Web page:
Seasonal pig price pressure begins

Peter CrightonPIG BUSINESS – Topical commentary on the pig sector form independent consultant Peter Crichton

In line with seasonal trends, pig prices are starting to ease during the second half of 2011.

At the start of July the Deadweight Adjusted Pig Price was 153.43p/kg and the contract base prices quoted by Cranswick, Tulip, Vion and Woodheads averaged 152.37p/kg.

By the end of the month, the DAPP had eased to 152.34p/kg and contract prices fell by a greater margin to 148.12p/kg.

But on a more positive note for the pig industry, ex farm feed wheat values fell from £168/t to £153/t for new crop.

This compares with end of July 2010 ex farm wheat quotes of £121/t and any further downward movement in current prices will come as a relief to hard-pressed pig producers, many of whom are still operating at a loss.

Looking ahead, finished pig values are forecast to follow a downward seasonal trend until the end of the year.

The main causes appear to be indifferent retail demand at a time when consumers have become very budget conscious because of rising fuel and other household bills, as well as better UK slaughter pig availability due to increased productivity.

Many of the major retailers are promoting imported pigmeat. This now accounts for over 60% of the domestic market and UK producers are still finding it difficult to compete due to their generally higher welfare-related production costs when compared with Europe.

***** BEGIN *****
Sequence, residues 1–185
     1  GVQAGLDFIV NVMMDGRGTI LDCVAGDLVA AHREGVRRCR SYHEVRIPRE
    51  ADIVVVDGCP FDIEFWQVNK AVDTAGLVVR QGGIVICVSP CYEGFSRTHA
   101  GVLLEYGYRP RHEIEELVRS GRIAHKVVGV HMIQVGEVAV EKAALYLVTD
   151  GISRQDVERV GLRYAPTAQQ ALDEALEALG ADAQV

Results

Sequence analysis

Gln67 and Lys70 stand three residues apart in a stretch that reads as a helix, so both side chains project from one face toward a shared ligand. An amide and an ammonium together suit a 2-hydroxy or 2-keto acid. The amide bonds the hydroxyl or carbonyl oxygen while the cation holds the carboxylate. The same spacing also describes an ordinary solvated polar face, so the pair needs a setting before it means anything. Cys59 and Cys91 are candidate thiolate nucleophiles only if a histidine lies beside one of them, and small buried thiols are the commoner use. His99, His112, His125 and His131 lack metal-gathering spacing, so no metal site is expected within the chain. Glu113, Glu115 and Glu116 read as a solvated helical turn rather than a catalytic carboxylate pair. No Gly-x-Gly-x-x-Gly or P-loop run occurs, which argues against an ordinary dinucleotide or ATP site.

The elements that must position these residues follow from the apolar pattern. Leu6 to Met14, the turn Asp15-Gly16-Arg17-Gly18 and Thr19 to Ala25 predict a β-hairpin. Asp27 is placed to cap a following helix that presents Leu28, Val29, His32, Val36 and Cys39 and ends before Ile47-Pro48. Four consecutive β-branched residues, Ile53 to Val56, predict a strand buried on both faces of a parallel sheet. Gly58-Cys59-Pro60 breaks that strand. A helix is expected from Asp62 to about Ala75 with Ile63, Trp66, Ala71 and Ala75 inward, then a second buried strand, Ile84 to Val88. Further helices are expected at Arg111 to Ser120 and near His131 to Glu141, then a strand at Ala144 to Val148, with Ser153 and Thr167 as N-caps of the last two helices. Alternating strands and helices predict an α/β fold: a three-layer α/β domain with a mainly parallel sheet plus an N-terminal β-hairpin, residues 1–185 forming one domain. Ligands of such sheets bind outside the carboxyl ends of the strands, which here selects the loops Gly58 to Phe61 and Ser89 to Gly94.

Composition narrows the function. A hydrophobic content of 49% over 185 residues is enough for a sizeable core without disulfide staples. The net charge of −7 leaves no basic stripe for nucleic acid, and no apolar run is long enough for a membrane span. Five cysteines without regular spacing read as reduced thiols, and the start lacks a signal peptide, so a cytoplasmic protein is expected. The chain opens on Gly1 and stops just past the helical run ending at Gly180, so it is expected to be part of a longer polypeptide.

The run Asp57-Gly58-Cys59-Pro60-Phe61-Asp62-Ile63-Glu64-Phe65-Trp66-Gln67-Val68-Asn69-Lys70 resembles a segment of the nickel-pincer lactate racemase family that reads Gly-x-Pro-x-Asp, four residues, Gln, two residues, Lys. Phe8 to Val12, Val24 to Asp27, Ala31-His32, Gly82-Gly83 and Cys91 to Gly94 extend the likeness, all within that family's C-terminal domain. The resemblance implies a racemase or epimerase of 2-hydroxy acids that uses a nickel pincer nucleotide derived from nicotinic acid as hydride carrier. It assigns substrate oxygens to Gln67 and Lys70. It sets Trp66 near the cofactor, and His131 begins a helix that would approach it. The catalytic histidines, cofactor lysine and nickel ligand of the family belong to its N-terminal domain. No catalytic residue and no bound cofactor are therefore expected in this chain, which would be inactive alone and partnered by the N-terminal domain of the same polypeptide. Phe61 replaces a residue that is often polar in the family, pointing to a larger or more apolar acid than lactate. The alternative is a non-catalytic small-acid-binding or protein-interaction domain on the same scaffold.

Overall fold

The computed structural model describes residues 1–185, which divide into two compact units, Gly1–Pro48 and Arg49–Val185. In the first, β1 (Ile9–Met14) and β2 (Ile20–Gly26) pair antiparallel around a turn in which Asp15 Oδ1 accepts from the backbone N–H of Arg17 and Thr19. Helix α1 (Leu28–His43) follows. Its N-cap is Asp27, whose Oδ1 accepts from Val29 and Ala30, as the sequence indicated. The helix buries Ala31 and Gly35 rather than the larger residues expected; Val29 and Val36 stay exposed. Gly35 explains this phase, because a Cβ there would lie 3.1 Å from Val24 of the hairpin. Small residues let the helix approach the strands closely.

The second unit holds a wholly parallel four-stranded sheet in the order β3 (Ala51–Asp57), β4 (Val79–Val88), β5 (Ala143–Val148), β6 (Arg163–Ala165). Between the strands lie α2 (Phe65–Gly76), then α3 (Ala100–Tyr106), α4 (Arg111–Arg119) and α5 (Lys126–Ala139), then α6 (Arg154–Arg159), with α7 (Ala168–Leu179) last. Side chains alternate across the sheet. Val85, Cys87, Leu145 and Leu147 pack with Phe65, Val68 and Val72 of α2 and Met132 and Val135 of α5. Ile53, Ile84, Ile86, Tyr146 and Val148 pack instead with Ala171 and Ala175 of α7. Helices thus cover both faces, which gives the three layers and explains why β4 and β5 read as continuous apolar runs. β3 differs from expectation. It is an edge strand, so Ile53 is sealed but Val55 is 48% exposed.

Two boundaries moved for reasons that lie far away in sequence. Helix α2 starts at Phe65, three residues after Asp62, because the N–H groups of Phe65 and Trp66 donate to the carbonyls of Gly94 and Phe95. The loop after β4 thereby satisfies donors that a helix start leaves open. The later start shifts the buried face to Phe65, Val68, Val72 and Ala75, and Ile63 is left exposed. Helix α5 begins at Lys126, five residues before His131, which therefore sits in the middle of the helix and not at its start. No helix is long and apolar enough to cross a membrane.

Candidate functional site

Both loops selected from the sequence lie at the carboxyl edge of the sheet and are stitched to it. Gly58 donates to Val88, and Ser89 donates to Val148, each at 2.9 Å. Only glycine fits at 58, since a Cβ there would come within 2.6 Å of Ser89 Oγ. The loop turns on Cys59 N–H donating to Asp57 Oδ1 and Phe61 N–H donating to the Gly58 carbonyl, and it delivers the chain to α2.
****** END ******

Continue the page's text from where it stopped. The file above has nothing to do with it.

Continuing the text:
The cull sow market however also provides a ready barometer for EU mainland pigmeat prices linked to the value of the euro.

Despite the financial turmoil in many Eurozone countries, at the time of preparing this report the euro has remained remarkably strong in the face of a weak pound and is currently worth just over 87p, which is 5% higher than its value a year ago.

Cull sows are currently trading in the 100p to 104p/kg range and will at least provide those producers deciding to quit the industry or restock with a reasonable return as they cull their herds.

The image of the industry was not however helped by the recent release of undercover filming carried out by Animal Aid at Cheale Meats’ abattoir, which is the largest cull sow export plant in the country.

The images released showed alleged breaches of animal welfare and cruelty. This has led to calls for official on-site abattoir vets to be more effective in policing animal welfare, as this incident is a repeat of what occurred at A & G Barbers’ nearby cull sow abattoir only last year and led to their permanent closure.

Better vigilance should prevent any future breaches of welfare standards at a time when the UK pig industry is trying to promote its image as a high-welfare system when compared with many foreign competitors.

Falling weaner prices have also cast something of a shadow over the whole production system, with the latest AHDB 30kg ex farm weaner average of little more than £45.50 a head still well below most producers’ cost of production levels.

Industry traders are quoting a mixture of a lack of suitable finishing space, expensive feed and straw, as well as uncertainty over finished pig prices in the months ahead as the main reasons for the stagnant weaner market.

With banks generally reluctant to raise lending levels to pig producers, under investment in new finished pig accommodation may add to the lack of suitable space in the years ahead.

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